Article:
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Tips for ice and snow removal from homes

After two recent snowstorms closed the federal government and schools across the region, people began digging out. The season's snow tally in D.C. reached 55.6 inches Wednesday -- more than the last record of 54.4 inches, set in 1898-99.

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Saturday, February 13, 2010

Some tips for residents dealing with the harmful effects of ice and snow on their homes:

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Should I shovel my roof?

John Corley, vice president of Corley Roofing & Sheet Metal in Temple Hills, has been asked this question a lot in recent days. His typical answer? No.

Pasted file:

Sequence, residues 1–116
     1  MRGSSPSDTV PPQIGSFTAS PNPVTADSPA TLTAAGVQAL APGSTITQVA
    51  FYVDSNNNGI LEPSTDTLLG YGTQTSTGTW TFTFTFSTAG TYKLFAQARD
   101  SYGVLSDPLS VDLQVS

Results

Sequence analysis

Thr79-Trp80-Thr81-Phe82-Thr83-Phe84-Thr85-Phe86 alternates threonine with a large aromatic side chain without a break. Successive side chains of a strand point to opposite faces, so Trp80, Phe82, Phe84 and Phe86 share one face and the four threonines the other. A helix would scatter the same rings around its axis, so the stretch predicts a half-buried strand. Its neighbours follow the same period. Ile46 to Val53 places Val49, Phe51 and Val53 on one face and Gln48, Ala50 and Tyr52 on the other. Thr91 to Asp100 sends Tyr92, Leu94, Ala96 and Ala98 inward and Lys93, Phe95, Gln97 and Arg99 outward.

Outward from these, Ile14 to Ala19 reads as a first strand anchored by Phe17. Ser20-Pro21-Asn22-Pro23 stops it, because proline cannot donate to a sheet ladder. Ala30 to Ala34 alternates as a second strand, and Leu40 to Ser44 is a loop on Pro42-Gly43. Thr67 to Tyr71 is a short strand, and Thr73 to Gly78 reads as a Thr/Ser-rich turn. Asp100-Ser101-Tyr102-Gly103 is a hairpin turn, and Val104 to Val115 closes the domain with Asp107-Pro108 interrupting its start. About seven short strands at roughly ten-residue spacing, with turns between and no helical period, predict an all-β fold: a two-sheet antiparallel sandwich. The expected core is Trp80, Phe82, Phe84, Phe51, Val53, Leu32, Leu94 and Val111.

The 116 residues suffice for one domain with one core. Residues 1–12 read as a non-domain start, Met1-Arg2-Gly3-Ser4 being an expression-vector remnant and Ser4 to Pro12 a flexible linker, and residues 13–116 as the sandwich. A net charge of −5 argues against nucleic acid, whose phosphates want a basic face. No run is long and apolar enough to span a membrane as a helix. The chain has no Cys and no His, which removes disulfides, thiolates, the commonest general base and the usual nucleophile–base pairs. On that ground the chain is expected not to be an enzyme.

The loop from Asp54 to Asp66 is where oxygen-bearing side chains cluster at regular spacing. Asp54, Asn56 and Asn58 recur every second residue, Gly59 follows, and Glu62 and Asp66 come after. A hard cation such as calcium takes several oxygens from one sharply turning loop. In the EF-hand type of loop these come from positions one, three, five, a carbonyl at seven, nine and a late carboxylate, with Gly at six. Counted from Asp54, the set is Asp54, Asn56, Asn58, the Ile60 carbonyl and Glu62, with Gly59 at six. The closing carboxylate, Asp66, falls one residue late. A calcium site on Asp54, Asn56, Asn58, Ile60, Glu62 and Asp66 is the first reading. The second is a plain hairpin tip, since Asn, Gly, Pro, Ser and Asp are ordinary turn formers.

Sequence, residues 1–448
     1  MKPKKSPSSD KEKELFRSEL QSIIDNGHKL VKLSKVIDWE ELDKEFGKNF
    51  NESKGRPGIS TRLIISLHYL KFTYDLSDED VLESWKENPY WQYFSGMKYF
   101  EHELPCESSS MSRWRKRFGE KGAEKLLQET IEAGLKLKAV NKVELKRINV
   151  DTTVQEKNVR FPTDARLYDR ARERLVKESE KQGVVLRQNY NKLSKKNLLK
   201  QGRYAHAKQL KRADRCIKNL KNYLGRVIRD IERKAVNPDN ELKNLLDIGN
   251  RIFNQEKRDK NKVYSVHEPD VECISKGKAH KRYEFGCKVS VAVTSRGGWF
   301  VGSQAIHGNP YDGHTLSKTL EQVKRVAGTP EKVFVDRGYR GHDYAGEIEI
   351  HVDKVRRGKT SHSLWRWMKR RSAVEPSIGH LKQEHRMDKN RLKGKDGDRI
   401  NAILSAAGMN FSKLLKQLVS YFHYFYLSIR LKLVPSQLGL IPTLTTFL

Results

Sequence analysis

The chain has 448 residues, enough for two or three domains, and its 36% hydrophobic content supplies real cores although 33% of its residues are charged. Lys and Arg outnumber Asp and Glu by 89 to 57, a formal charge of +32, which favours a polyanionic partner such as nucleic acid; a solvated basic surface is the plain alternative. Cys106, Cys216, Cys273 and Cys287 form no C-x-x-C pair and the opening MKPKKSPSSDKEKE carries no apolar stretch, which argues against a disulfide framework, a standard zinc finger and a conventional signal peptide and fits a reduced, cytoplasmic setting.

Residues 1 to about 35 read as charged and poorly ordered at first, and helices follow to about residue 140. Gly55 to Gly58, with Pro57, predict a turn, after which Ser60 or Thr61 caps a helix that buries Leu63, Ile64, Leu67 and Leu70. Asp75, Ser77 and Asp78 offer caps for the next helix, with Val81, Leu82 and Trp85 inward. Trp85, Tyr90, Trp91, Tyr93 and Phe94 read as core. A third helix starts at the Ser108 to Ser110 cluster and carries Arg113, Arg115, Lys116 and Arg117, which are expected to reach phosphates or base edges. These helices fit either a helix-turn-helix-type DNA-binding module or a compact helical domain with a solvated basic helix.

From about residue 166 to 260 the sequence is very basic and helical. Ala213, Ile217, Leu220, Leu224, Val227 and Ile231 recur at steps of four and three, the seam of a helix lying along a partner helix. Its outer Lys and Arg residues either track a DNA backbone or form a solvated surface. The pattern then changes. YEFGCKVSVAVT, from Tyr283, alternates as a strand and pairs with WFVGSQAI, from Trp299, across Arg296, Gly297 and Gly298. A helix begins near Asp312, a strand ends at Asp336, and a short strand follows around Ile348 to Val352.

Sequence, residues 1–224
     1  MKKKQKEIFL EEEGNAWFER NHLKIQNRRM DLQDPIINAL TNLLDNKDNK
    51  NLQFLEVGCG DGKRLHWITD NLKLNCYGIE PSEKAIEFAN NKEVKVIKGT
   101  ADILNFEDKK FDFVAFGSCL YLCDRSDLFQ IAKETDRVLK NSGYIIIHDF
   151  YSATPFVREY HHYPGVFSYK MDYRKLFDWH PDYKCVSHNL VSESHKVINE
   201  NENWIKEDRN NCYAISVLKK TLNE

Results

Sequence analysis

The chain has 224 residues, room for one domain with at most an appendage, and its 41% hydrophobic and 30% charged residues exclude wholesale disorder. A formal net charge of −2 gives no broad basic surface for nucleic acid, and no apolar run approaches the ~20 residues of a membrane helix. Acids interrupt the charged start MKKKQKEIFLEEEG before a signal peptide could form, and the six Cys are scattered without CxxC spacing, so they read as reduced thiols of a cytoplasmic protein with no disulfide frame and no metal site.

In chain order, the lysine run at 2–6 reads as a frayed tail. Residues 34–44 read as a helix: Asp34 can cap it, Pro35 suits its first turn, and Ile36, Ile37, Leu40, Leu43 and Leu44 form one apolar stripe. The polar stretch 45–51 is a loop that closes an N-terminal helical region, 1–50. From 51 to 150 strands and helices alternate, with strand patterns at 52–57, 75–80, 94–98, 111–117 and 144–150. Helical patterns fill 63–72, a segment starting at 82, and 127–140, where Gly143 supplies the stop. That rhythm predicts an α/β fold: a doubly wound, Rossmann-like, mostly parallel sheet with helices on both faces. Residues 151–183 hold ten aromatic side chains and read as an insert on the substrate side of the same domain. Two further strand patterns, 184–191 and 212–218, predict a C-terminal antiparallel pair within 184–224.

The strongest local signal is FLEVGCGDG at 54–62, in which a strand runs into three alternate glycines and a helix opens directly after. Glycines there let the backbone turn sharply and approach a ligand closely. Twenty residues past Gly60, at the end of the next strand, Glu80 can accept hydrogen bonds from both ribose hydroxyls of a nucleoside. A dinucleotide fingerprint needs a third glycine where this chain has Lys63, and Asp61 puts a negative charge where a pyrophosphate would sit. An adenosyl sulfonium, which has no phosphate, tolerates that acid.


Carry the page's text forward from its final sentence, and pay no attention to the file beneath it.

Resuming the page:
"You can damage the roof by knocking a few holes in it," Corley said. "Then you'll have more problems than you had before."

In dire situations, where ice dams in gutters are forcing water to stream down interior walls, pull off your gutters or downspouts. "It's a last-ditch effort. If you have water pouring into the house all the way across the ceiling and walls, it's the only thing you can do."

What about a roof rake?

Roof rakes come in 16-foot lengths (some can be extended by five feet) and can be used to scrape the ice and snow. The process is demanding and can be dangerous. Experts say the key to removing snow from a roof is never to step on the roof. And be careful not to inadvertently puncture the roof.

Is there a right way to shovel?

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